Tag Archives: climbing

Hobbin v. Vertical Descents Ltd [2011] ScotsCS CSOH_207

January 11, 2012


The case of Sara Hobbin v. Vertical Descents seems eerily related to Jon’s earlier post on Heli-skiing (https://sportslawnews.wordpress.com/2012/01/07/perspective-and-probability/). Essentially this case concerns a head injury to a novice participant in a 2007 Canyoning activity in the Lake District.

Miss Hobbins (the claimant) and her then partner (Geraint Grace) had aimed to climb Ben Nevis, but wanted another activity to do the day before their climb. After reading an advertising leaflet for Vertical Descents Ltd (the defendants), they settled on Canyoning – “a method of descending canyons, streams, ravines and other water-courses by means of sliding, jumping and scrambling.” [2]. Indeed, Vertical Descents Ltd were an experienced outdoor activity company and had been the first company in Scotland to offer the activity.

After attending a safety briefing and signing a disclaimer form, the participants were given protective clothing (wetsuit, buoyancy aid and helmet) and driven to the easiest of the canyoning routes used by Vertical (Allt Gleann A’chaolis, near Kinlochleven).

The key problem for Miss Hobbin can be traced back to her failure to maintain her footing and balance during the activity. Initially, the Court heard how she was concerned prior to embarking whether her choice of footwear would be suitable (she wanted to wear baseball shoes in order to keep her hiking boots dry prior to the proposed climb the following day). At Vertical’s headquarters though, an instructor confirmed that this would be acceptable as the soft baseball shoe sole would enable them to establish “maximum contact with the surfaces” [7]. Sadly during the activity, this grip did not seem to help her. She became bogged down in marshy ground on the ascent [12], and slipped and fell in the water during the descent [14].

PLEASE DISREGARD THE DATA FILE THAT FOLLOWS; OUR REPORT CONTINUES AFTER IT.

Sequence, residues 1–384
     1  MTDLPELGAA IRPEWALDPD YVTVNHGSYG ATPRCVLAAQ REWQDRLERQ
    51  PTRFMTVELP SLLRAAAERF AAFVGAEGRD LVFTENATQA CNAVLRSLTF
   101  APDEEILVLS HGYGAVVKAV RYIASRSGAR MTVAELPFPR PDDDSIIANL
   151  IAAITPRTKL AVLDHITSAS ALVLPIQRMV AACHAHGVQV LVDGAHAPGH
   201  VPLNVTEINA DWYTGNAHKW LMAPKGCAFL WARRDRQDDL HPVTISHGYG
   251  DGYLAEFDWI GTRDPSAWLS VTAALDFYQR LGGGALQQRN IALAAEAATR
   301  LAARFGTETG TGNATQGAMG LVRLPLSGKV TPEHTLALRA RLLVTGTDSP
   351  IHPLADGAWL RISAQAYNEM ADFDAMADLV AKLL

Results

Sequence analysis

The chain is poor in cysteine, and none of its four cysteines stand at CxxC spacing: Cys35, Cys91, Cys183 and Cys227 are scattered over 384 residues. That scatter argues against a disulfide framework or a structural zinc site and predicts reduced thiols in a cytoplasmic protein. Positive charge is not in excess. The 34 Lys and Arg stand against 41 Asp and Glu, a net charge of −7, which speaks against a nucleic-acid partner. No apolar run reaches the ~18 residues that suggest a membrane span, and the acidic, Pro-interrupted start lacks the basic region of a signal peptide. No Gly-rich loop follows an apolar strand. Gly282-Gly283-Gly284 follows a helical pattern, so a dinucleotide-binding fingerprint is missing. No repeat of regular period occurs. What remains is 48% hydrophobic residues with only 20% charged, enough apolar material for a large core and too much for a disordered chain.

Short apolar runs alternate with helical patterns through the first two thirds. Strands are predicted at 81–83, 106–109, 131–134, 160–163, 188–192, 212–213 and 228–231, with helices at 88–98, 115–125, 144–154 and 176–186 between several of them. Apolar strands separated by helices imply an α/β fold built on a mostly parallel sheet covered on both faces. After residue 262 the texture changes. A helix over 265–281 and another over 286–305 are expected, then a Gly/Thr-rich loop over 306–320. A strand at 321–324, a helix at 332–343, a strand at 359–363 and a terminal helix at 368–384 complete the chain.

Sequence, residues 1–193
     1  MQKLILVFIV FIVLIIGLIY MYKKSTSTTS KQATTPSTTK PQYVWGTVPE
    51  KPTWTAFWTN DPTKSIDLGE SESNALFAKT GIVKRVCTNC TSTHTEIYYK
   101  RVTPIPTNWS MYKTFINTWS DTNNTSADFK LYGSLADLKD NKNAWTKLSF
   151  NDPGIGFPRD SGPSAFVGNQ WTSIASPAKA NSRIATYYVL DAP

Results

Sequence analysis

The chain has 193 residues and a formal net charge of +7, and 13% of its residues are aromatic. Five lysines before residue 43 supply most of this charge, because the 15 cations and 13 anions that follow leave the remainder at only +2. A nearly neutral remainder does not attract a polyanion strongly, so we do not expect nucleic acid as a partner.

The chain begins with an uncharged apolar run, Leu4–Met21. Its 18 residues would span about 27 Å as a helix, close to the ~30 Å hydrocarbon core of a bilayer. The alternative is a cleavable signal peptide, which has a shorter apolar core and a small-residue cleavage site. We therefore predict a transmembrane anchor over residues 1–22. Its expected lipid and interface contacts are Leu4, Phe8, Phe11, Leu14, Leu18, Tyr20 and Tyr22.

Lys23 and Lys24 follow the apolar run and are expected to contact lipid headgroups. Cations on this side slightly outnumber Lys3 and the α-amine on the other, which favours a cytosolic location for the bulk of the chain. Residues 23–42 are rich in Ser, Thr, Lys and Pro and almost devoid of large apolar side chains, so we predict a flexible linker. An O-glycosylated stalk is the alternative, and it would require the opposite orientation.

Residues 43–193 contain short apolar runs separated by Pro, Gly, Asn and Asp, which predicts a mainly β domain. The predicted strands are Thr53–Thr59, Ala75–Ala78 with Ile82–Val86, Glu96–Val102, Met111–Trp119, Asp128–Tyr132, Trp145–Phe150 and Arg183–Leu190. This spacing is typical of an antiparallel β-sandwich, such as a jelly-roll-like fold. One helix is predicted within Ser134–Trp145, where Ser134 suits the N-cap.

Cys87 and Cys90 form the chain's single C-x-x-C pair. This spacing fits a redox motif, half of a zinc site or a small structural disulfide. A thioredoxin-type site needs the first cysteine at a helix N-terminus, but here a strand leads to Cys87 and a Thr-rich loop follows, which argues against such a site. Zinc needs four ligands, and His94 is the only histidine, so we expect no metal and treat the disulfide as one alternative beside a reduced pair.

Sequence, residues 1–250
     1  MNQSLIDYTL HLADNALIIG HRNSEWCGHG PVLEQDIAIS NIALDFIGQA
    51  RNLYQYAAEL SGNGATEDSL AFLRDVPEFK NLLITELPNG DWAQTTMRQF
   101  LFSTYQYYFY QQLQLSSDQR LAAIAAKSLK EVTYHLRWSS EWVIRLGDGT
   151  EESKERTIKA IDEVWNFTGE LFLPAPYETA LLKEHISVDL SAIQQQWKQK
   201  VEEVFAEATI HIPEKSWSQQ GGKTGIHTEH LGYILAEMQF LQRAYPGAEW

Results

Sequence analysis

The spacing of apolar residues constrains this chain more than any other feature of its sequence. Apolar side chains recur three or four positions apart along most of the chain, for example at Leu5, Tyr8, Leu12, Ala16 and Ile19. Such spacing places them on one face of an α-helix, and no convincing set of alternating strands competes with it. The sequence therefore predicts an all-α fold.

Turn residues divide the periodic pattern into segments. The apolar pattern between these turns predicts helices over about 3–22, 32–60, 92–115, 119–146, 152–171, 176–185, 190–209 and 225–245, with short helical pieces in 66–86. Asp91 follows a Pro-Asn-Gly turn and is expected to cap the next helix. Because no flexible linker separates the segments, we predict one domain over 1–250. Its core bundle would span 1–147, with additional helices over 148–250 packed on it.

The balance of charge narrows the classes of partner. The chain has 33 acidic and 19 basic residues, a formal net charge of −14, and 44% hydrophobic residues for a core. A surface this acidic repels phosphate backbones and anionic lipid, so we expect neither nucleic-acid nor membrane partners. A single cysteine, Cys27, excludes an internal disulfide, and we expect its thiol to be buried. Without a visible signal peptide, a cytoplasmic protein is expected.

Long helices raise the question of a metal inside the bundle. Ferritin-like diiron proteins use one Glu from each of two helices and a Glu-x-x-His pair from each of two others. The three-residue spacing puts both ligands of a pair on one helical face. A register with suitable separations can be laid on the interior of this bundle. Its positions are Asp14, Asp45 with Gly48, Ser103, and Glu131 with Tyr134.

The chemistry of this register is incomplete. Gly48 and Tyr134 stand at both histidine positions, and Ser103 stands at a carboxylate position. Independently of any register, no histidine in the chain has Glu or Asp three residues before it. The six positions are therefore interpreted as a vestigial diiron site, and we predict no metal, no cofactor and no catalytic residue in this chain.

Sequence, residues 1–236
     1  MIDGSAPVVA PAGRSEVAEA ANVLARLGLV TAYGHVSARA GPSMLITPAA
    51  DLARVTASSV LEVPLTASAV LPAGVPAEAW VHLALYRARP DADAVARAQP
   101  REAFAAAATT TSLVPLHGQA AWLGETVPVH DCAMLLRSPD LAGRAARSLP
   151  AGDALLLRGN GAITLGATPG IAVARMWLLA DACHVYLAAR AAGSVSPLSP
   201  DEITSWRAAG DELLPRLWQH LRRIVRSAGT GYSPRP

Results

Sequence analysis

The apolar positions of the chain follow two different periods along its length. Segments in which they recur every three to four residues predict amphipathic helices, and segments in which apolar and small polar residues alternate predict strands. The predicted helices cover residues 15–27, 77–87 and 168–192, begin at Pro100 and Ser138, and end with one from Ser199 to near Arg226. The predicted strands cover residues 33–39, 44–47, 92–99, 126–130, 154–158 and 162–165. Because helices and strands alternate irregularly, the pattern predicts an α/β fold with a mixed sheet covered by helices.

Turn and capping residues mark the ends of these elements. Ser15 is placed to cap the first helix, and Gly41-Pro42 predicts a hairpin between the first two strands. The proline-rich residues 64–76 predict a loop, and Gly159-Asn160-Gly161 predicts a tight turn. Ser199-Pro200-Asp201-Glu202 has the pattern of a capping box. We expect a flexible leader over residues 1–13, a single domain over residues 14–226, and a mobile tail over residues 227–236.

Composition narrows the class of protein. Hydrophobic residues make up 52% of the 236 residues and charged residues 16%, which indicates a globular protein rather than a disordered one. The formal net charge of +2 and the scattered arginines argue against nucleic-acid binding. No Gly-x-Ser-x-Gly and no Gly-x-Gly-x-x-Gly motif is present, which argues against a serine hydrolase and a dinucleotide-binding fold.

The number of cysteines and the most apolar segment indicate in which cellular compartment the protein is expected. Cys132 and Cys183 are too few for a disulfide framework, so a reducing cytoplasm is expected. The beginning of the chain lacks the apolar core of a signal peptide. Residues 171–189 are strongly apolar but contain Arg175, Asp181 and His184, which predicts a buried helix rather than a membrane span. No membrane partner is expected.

Ultimately the injury occurred when Miss Hobbin declined to make a jump of about 15ft into the water and was making her way down to a lower level to meet up with the rest of the group. As she was descending, she subsequently lost her footing on the rocks and fell, striking the back of her head. After a short period of time, the claimant was then assisted down the hill by her partner and an instructor and taken to hospital for observation.

In the Scottish Outer House, Court of Session, both parties argued that the claim depended on identifying the exact rock that the claimant was standing on, the Court however took a much broader view and focused on two main points:

1)      Whether the claimant should have been allowed to do the activity given that the descent was inherently risky and the claimant had been struggling with the ascent [26]. The Court however saw no reason why the claimant was unable or unwilling to continue the descent and this claim was struck out.

2)      The general credibility and reliability of the evidence as to how the accident occurred [34]. While Miss Hobbins credibility was not in question, the Court felt that her tiredness and inexperience with the topography of the canyon was not as reliable as that of the instructor (Graham Reid), who was well qualified and experienced, had led approx 80-100 canyoning trips [12] and was very familiar with the terrain and layout. As such the claim was dismissed and no liability found.


What is particularly interesting about this case is the discussion on perception of risk. Encouragingly, the Court relied on the dicta from Scout Association v. Barnes [2010] EWCA 1476 [34] acknowledging that it was not the function of the law to deter normal leisure activities. The Court also noted a number of points emphasising Miss Hobbins’ informed consent about the nature of the activity, in particular that she had:

  • Read Vertical Descent’s description of the activity (website / advertising literature)
  • Read and signed a disclaimer form for the activity which specifically highlighted the risks and nature of the canyoning [8]
  • Been given information by course instructors during a safety briefing and had been given the opportunity to ask questions
  • Been required to wear safety clothing (including a helmet)
  • Observed the site herself when she had reached the top of the ascent
  • Self-evaluated her own competence to perform the activity

Although the Court seemed approving of the claimant’s expert witness (Mr Barton) when he said that “it was the duty of an adventure company to keep risks within a tolerable level”, it did note that it was difficult to determine what constitutes the right measure of tolerance [31]. And while it is obiter in this case, therein lies the key to outdoor and adventure liability – what level of risk is acceptable? Should we have different tolerances for guides and paid clients, to hardy adventurers wishing to challenge their own limits?